It’s half time in the year and many of you are starting to prepare for a semi-annual review for your clients. You may have even completed a review of your own business for the first six months of the year – for many of you, things look good. Because of the market, AUM is up, revenue is probably up and for the most part, clients are somewhat happy. Time to settle down and take the summer off? I don’t think so.
Last week I saw a very interesting blog post from Carolyn McRea at Blueleaf. Time to be fat and happy? I don’t think so. Please enjoy Carolyn’s post.
This is the second of two blog posts covering my conversation with Michael Kitces. In this one we pushed into the current trends of financial planning. To give you a sense for how Michael operates, our conversation was conducted while he was on a long drive. In total, we chatted for about two hours, during which he became more and more passionate. I only hope there weren’t many other drivers about, as a lot of brain power was focused on the phone, so there cannot have been much left for the road.
My job gets me out of the office on a regular basis, visiting strategic partners and attending conferences. One of the things I love is meeting the people in our industry. Advisors on the whole are entrepreneurs and as such, have to have big personalities and the drive to survive. Therefore, those who service and advise them have to be the same. In today’s blog post, I have a discussion with a man who clearly fits this description: Michael Kitces.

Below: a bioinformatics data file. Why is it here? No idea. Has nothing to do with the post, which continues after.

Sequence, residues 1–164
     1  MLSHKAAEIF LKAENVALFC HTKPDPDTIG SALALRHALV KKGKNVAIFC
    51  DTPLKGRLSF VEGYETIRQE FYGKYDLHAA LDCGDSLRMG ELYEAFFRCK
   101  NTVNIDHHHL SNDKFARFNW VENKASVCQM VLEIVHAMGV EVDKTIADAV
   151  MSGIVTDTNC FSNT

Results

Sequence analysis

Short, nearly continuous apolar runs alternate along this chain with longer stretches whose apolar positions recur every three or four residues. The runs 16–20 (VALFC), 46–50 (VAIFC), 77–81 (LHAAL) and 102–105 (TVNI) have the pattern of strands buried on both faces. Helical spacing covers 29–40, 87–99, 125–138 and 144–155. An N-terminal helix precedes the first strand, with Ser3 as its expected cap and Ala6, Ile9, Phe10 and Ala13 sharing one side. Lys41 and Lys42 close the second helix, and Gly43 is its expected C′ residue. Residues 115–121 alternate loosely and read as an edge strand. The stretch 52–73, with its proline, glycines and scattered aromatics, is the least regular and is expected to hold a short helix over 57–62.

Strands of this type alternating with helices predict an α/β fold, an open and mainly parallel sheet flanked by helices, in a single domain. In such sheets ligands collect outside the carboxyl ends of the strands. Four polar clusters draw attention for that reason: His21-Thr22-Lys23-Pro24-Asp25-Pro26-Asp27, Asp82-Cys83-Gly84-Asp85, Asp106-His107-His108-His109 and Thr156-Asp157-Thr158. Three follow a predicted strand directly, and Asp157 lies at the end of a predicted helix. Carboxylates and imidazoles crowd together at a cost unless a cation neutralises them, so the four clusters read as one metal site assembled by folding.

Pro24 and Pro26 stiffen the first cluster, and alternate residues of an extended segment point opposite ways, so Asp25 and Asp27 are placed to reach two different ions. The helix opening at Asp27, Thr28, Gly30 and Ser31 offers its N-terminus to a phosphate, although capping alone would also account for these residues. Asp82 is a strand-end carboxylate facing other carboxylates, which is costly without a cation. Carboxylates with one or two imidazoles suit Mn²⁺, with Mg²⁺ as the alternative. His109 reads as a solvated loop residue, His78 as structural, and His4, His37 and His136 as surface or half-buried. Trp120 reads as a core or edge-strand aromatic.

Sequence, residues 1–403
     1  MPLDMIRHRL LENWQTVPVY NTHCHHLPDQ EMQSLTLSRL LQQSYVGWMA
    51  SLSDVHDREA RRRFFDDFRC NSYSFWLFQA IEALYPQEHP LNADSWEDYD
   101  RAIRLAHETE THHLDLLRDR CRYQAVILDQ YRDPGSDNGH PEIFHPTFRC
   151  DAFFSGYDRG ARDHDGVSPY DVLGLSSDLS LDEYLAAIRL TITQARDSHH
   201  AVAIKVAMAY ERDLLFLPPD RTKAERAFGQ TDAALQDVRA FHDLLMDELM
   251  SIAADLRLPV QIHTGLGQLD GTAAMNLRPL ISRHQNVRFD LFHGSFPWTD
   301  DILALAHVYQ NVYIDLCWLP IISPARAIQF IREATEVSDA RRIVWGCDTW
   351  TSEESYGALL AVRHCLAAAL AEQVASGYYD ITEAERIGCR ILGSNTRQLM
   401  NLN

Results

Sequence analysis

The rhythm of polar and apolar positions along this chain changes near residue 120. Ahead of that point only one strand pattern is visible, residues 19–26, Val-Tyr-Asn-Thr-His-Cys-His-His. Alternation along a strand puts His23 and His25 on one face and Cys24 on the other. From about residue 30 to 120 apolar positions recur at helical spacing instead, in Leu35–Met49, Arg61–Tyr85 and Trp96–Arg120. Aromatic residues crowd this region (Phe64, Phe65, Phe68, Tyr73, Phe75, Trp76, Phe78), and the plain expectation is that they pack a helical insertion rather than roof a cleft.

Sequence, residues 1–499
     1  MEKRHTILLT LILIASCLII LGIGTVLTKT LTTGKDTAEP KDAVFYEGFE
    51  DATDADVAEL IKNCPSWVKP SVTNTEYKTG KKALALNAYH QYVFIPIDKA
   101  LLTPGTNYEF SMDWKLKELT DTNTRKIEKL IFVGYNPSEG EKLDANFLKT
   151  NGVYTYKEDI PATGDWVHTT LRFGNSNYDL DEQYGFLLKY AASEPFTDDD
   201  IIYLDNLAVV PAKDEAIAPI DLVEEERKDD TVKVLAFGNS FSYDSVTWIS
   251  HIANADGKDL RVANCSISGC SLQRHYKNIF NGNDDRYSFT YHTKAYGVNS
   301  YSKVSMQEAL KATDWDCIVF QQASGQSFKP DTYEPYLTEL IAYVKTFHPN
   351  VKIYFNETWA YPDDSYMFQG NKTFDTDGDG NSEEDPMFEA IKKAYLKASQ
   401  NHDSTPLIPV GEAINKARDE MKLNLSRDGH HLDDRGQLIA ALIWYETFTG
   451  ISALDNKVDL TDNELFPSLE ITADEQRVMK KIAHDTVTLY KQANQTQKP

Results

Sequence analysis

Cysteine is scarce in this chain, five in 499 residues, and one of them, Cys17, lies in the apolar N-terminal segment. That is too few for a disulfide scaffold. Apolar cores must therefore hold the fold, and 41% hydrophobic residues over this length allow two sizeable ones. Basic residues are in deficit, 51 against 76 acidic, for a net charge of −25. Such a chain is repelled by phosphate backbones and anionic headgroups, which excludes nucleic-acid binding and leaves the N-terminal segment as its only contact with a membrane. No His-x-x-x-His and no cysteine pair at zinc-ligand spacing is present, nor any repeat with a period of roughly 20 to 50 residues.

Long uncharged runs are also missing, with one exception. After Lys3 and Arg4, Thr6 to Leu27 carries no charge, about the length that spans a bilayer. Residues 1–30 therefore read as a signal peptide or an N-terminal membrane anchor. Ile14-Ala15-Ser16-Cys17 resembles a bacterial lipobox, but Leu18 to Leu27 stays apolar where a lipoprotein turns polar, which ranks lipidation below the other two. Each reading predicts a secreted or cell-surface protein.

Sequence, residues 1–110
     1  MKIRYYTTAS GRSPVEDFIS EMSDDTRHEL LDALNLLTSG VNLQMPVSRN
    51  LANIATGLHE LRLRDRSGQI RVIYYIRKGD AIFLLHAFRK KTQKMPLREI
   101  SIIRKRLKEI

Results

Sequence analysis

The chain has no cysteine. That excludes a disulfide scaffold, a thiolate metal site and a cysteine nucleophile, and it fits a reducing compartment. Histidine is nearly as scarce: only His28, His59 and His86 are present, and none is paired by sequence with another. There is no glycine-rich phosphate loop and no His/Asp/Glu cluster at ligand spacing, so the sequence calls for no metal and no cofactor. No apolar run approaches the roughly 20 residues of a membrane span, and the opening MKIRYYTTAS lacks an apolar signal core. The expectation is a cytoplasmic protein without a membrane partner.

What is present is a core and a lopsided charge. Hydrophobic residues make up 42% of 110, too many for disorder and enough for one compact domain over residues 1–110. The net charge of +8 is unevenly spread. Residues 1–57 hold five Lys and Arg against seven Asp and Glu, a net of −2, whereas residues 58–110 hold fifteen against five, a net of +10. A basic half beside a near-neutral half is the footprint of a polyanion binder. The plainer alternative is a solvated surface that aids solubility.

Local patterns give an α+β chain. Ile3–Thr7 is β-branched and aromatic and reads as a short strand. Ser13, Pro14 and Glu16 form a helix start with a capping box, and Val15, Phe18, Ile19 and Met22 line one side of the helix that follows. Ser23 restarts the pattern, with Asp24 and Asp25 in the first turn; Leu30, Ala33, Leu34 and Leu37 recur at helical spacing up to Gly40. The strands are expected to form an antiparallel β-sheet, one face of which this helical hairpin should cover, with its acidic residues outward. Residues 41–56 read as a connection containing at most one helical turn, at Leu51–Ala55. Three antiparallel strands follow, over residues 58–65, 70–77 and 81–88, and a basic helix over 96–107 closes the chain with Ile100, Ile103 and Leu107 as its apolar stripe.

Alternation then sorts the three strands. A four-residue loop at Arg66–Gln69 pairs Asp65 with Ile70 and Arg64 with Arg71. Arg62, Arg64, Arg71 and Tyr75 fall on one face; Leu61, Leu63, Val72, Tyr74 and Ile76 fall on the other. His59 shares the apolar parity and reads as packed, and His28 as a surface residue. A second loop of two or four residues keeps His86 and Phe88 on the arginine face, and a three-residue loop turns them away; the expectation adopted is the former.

When Does Engagement Come After the Honeymoon? In Your Client Relationship
Last week’s post by Julie Littlechild called “How Fitbit Taught Me to Set Better Business Goals” was one of my favorite posts in quite a while. I really identified with it, as I’ve been wearing my Fitbit® device since March and averaging 13,346 steps per day. Her post was a great reminder that setting the goal was one thing, but having the dashboard and tracking your activities made it more real — and can make you more accountable.
The responses to this blog always amaze me. The posts that I think are no-brainers tend to get a lot of comments from readers. The ones that I think are stronger and would warrant some discussion or feedback? Crickets. Nada. Nothing. No matter what I think is going to happen, I am usually wrong. And what I typically find is that after I see a post published, I am the first to think of an angle I missed. I usually suppress the desire to edit, but sometimes I have to add more to an existing post.
Last week, I wrote about communications in a post called Advisors: Don’t Take a Vacation this Summer from Communicating with Client. I shared an idea that one advisor was doing to communicate to his clients (in this case, me) during the summer months. He wanted to make sure that he could still educate and connect via technology, but he was going to tailor the communication to meet the needs of his client base…